INDIANAPOLIS, May 10, 2022 /PRNewswire/ — Bierman Autism Centers is holding two events this month as they continue to grow and offer ABA therapy services for children diagnosed with autism. This Indiana headquartered organization was founded 16 years ago and is a pillar of the community with four centers throughout the state.
The first event they are holding this month is anopen house event for the community at their Avon center located at 5250 E US Hwy 36. This center opened this past July and the Bierman team is excited to show the community their new space! This is a great opportunity for families to tour the center, meet the team and learn more about the Bierman experience. The event will be on May 11th from 5:30pm to 7:30pm.
The second event is their first in-person hiring event for their Broad Ripple center! This is a great opportunity for anyone interested in healthcare or education who are looking to get into the field. There will be a food truck, music, and the opportunity to meet with the team and tour the center. This event will be on May 19th from 5pm to 7pm. The address for the event is 6060 N. College Ave, Indianapolis.
The Regional Director for Indiana, Jessica Fitch, says: “It’s very exciting to reopen our doors to the community after the pandemic. We are excited to show families and potential candidates how we deliver success as unique as our kids”.
The events are an opportunity to visit and see how Bierman delivers on its mission to create progress and possibilities for children with autism.
Bierman Autism Centers is a place where kids as young as 18 months to 9 years of age engage in play to learn foundational skills they can build on such as self-advocacy and communication. For more about Bierman Autism Centers visit www.biermanautism.com or contact Alexis Ducharme at [email protected].
GREENFIELD — Greenfield-Central Schools are spreading the word about hosting two Special Olympics events in mid-May for students with disabilities, in hopes that the public may want to attend.
The Special Olympics/Unified Champion Schools (SO/UCS) program for students in kindergarten through eighth grade will take place at Greenfield-Central High School on May 16. A separate Special Olympics for preschoolers will take place at J.B. Stephens Elementary School on May 18.
Robin LeClaire, director of student services, said the corporation is inviting the public to get involved by attending or volunteering at the event.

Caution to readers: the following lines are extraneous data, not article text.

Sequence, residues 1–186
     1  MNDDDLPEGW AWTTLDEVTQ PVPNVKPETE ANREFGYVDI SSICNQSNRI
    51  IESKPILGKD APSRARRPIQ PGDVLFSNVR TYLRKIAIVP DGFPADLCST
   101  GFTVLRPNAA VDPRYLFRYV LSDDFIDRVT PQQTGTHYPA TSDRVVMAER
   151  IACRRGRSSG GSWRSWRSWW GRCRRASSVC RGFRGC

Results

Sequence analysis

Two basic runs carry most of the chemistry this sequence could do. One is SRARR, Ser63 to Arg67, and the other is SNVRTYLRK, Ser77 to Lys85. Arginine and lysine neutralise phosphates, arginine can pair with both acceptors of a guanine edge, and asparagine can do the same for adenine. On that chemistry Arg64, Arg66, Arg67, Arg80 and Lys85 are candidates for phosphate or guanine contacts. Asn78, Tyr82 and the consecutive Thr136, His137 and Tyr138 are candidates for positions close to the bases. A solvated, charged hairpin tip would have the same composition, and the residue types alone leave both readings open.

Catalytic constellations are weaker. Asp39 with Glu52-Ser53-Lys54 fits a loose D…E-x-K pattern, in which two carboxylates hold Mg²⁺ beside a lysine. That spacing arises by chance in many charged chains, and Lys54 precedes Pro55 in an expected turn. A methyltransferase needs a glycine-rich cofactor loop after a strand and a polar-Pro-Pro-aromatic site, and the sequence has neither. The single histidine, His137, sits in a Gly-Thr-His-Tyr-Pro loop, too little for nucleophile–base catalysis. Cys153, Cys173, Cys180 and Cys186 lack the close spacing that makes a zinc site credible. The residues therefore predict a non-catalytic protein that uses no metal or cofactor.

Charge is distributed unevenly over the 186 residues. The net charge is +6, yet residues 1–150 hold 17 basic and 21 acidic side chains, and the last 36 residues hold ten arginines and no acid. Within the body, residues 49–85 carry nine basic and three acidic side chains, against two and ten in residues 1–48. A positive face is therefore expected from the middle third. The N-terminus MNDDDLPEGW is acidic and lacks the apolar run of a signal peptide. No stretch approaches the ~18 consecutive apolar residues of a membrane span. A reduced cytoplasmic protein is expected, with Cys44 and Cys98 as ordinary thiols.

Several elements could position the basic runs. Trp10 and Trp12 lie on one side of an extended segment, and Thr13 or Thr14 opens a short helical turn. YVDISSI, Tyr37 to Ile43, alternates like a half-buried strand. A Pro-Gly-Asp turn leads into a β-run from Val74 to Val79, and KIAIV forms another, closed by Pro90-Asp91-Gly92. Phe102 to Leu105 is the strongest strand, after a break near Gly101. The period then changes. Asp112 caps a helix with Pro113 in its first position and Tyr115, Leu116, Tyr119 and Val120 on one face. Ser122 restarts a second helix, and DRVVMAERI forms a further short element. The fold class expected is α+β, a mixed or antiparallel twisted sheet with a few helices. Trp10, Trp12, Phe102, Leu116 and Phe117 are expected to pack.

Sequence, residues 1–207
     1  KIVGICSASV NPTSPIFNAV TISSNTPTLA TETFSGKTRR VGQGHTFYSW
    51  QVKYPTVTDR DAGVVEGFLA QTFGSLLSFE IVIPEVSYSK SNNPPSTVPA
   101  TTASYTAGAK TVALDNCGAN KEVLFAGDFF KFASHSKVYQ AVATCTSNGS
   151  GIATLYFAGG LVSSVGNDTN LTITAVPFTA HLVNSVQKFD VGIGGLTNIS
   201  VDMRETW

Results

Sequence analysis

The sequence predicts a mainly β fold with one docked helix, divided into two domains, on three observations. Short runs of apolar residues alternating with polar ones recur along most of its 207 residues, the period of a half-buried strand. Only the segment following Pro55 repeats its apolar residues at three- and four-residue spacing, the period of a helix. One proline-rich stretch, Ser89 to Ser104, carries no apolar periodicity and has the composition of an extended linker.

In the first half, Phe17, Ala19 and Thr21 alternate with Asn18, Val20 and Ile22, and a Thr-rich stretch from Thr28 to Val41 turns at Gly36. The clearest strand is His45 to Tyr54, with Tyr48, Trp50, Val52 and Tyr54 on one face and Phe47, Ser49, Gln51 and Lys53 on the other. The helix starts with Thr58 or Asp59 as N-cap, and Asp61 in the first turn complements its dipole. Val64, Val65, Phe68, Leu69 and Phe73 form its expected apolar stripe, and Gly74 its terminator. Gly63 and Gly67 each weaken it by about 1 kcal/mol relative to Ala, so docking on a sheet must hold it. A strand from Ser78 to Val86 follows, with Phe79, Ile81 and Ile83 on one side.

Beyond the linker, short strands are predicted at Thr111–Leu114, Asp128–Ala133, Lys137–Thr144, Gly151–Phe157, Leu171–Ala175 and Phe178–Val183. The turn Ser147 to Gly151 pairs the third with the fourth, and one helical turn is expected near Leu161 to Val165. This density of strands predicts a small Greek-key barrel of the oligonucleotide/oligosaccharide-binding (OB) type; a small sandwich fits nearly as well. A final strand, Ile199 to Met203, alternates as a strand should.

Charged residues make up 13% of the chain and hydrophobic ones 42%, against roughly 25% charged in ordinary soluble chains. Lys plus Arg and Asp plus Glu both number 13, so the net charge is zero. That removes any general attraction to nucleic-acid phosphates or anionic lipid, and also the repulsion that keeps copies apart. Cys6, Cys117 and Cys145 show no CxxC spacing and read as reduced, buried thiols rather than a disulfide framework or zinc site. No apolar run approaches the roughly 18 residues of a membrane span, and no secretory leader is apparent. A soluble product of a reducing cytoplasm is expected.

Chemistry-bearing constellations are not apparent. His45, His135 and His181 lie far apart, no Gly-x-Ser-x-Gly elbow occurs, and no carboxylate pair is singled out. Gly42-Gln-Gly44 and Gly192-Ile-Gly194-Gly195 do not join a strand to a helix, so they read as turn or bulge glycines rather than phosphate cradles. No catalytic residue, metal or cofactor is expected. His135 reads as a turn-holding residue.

“We couldn’t host it last year due to COVID, but the last year we did do one a lot of people were saying they wished they had known about it because they would have liked to have attended or been involved,” she said.
This will be the second time Greenfield-Central has hosted the Special Olympics program, with the first being in 2019.
LeClaire said the special event features an opening ceremony and awards ceremony, just like the worldwide Olympics.
Students from the general education population are also invited to help out with the event that is centered around students with disabilities.
“It’s amazing to watch our kids come together and learn about differences and acceptance,” said Rachel Ross-Kroemer, Greenfield-Central’s assistant director of special education.
“This is a program where students with and without disabilities participate in activities together throughout the year to promote inclusion awareness in their schools and communities … Our schools have been busy planning whole school engagement activities that focus on student leadership and encourages awareness, respect, acceptance and inclusion of those with disabilities,” she said.
Each of the school district’s participating schools lead fundraising events to raise money for Special Olympics Indiana throughout the school year, which culminates with the Unified Sports event — known as Game Days — in May.
Ross-Kroemer said the Mt. Vernon school district is the pioneer of hosting Special Olympics events in Hancock County, but that Greenfield-Central is making strides.
Hosting the Special Olympics is a huge accomplishment for Greenfield-Central schools, she said, which have been working to increase opportunities for kids with disabilities since withdrawing seven years ago from a cooperative that took care of that initiative.
“We’re super proud of the inclusive practices and inclusive culture we have been growing in our district, not just through this program, but through the type of classrooms and programming we’ve offered for kids with disabilities in general,” said Ross-Kroemer.
“We also pair special education teachers with general education teachers as our building leaders, and that’s been a phenomenal change for us because it really always has been about having all of our kids represented here,” she said.
As for the Special Olympics games, “When you see the pure joy on these kids’ faces as they participate in these activities that they’ve practiced for all year, it is so moving,” said Ross-Kroemer, adding that the best part is the feeling of inclusion the participants get by working alongside their peers without disabilities.
“Just the symbol of acceptance that you see during these Game Day events is awesome to see,” she said.
Ross-Kroemer credits the local educators, sponsors and law enforcement officials who make the day possible.
“Officers from the Greenfield and Hancock County departments will meet our busses and escort them to the school then escort the torch holders onto the field. It makes the day even more special to have them there,” she said.
This year’s Game Day for students in kindergarten through eighth grade takes place at the Greenfield-Central High School football field, from 9:15-11:15 a.m. Monday, May 16.
Game Day for preschoolers takes place indoors at J.B. Stephens Elementary School from 9-10 a.m. Wednesday, May 18. Admission is free at both events.
For more information, contact Ross-Kroemer at [email protected] or 317-462-4491, ext. 41203.